Habits are the repeated thoughts and behaviors that become automatic, and so much a part of our routines that we hardly think about them. That lack of conscious recognition is often true of the way we treat the environment as well. Although we don’t think about it as much as we should, each person on the earth is responsible for environmental damage. We must accept responsibility to reduce our carbon footprint by conserving, preserving, and respecting the planet. It’s time to let the reality of climate change sink in deeply enough to reshape our values and priorities. That means adopting eco-friendly and eco-conscious habits.
What Are Habits, and How Are They Connected To Environmental Activism?
Habits are rituals and behaviors that allow us to carry out our essential life activities. As effort-saving mechanisms, they really don’t require creativity and or complex thinking from us. For example, it is typical to not pay attention to the ingredients within the creams, lotions, and salves that we use on our bodies, paying mind instead to which packaging looks the best or what smells the best. However, harmful ingredients like carcinogens, chemicals, and preservatives are frequently masked by aesthetically-pleasing graphic design and human-made fragrances. If we had committed to eco-friendly consumption, we would’ve checked the body enhancers more carefully.
Eco-conscious habits include the self-beliefs about our responsibility to the world and to each other. These influence what environmental actions we take. As we more frequently adopt green lifestyles, we start to read labels, research ingredients, and strive for minimalism in our routines. The rise of conscious living inspires new awareness about terminology, too. What’s the difference between natural and organic? How are products ethically made? How can we tell if our consumer goods contain sulfates, toxins, or parabens?
Our eco-habits are key to who we are and the change we want to adopt to encourage green living. Despite the initial adjustments, we can make a real difference by creating routines of eco-friendly habits. We can integrate newer, greener habits into our lifestyles for years and years to come.
Have you ever wondered which generation of US citizens is more eco-conscious than the other? Which group of people commit to healthier communities for a more sustainable world? Does one particular generation of US citizens choose places to live, careers, foods, products, and leisure activities that are more environmentally friendly than another?
Eco-Conscious Habits Across the Generations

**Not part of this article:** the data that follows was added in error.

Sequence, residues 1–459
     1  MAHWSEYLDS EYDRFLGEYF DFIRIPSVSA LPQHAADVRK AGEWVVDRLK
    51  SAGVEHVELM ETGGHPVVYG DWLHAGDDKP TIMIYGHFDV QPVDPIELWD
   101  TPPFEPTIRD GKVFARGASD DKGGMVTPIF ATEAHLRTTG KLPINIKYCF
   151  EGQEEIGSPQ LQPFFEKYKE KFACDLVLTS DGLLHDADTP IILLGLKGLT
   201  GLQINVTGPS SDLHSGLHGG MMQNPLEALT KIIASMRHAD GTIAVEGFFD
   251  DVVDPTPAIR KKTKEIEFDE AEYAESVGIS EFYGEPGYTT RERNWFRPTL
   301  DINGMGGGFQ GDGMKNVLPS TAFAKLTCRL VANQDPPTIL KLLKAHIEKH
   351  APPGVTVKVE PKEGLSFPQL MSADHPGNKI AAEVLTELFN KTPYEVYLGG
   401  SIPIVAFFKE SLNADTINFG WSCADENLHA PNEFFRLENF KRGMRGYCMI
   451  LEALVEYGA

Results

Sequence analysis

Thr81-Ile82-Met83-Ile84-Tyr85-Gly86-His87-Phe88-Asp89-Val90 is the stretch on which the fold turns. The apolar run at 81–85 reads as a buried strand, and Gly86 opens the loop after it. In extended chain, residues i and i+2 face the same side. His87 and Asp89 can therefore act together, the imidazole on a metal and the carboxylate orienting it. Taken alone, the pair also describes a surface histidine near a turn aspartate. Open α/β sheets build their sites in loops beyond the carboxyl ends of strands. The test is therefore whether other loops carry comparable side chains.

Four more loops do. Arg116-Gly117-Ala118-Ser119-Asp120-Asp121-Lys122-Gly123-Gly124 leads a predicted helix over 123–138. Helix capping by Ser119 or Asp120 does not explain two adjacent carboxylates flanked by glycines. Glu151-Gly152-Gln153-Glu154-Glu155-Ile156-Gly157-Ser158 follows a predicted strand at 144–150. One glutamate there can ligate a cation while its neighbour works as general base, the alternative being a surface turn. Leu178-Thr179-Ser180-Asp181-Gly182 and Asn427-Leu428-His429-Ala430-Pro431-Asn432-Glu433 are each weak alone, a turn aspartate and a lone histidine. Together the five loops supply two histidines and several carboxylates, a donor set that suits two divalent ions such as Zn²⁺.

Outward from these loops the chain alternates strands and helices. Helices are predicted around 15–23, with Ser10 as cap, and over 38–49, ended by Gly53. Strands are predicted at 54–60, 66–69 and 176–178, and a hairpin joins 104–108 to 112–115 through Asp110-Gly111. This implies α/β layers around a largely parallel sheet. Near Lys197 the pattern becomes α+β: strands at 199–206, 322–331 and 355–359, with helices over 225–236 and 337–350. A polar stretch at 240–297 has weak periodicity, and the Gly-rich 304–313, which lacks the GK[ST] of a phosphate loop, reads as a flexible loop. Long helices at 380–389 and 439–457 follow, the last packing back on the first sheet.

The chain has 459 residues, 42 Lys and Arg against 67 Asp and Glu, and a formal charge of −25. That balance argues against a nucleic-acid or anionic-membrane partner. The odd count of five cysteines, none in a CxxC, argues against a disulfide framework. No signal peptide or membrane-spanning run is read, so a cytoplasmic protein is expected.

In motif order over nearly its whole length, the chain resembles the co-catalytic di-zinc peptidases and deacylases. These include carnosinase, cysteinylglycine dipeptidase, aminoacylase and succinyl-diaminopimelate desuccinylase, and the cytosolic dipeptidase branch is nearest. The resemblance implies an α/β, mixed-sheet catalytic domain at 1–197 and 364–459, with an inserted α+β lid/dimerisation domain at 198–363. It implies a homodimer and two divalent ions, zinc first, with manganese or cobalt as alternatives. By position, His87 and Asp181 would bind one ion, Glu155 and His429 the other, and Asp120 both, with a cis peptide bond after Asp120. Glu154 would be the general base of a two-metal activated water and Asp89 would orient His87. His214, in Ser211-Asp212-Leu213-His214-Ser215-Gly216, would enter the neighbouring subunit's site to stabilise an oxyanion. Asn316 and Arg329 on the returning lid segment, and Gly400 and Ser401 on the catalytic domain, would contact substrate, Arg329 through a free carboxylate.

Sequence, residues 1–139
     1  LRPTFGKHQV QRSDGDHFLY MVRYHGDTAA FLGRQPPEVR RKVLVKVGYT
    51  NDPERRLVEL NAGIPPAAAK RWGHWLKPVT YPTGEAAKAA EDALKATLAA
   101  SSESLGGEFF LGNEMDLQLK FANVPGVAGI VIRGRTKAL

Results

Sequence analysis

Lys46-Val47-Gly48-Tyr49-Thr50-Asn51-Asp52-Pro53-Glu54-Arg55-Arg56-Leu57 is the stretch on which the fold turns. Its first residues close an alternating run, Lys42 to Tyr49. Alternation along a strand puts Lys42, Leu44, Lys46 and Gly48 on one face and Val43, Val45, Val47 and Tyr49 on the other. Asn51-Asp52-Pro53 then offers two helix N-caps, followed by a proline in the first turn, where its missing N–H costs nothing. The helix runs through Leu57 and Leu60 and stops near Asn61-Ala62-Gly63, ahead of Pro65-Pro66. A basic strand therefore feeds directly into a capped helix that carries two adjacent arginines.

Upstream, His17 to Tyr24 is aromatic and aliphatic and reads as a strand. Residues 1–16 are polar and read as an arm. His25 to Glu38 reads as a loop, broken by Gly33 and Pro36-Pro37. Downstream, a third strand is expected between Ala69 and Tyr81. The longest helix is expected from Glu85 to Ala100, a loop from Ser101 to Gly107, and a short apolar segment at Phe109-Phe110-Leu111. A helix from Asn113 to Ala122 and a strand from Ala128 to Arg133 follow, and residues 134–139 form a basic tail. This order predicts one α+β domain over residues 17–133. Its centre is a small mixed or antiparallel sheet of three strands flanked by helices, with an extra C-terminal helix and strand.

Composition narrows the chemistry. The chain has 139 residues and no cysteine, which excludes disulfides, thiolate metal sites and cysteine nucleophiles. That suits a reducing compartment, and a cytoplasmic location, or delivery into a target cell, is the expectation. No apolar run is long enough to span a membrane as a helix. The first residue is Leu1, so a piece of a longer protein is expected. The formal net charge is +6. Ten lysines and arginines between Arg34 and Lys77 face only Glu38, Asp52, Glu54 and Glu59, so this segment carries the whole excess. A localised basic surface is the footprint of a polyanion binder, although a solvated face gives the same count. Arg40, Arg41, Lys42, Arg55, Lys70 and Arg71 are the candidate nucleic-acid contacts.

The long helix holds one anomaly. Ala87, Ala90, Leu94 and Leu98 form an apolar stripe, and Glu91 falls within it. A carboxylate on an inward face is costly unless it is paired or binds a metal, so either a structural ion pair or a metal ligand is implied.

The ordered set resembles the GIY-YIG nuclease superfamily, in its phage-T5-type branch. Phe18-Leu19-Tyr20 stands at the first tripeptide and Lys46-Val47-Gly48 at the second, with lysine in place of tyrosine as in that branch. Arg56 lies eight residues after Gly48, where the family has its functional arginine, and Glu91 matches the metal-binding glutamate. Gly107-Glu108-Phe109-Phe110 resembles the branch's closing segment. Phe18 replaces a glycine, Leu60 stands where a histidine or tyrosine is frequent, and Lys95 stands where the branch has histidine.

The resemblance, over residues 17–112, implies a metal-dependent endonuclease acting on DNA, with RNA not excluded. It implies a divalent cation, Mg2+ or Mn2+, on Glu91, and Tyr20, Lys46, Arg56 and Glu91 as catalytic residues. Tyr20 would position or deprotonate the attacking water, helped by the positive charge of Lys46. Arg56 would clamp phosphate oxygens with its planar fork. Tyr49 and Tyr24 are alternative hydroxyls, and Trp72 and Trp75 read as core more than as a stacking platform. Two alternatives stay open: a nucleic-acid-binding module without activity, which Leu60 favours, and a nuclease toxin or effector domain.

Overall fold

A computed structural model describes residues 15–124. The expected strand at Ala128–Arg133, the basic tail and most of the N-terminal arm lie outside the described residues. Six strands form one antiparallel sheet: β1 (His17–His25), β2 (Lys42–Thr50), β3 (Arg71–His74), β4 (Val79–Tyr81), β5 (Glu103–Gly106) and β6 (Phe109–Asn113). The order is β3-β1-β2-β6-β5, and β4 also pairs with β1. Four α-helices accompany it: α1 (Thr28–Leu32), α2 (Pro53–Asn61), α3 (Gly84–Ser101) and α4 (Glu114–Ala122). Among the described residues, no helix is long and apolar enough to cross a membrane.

Want some perspective on which American generation has the best eco-conscious habits? High Tide Technologies, an end-to-end cloud-based SCADA company, surveyed 2,000 Americans across 3 generations –baby boomers, Gen X, and millennials — to see which generation is the greenest. The company was curious to determine if people are developing better eco-conscious habits over time. The 3 groups were scored based on their earth-friendly behaviors. Here’s the broad overview of the findings:
- More than 90% of all three generations agree that recycling makes a difference.
- Baby boomers are most likely to use energy efficient appliances and recycle.
- Millennials are using the least amount of water and energy.
And the winners are… Baby Boomers! They are considered the most eco-conscious of the current generations. By doing things like cutting back on electricity, being food conscious, composting, and recycling, Boomers demonstrate that real care for the environment begins with developing daily good, earth-friendly habits.
Let’s look at the different categories of the survey to determine the strengths and potential improvements for eco-conscious habits for each generation.
Water Consumption. When it comes to our most precious resource, Boomers are leading the most conservative path by showering and running the dishwasher the least. Gen-Xers are likely to shower more than 7 times in a week. Millennials are keeping their jeans as fresh as possible by never or rarely washing them, which helps cut down on water waste.
Recycling. According to the survey, more than 90% of all three generations agree that recycling makes a difference. However, Gen-Xers are coming up short with a zero score, whereas Boomers and Millennials tie for first with two points apiece. Millennials are most likely to use paper billing and reusable bags, cutting down on excess paper products, and Boomers tend to recycle electronics like cell phones, according to survey results.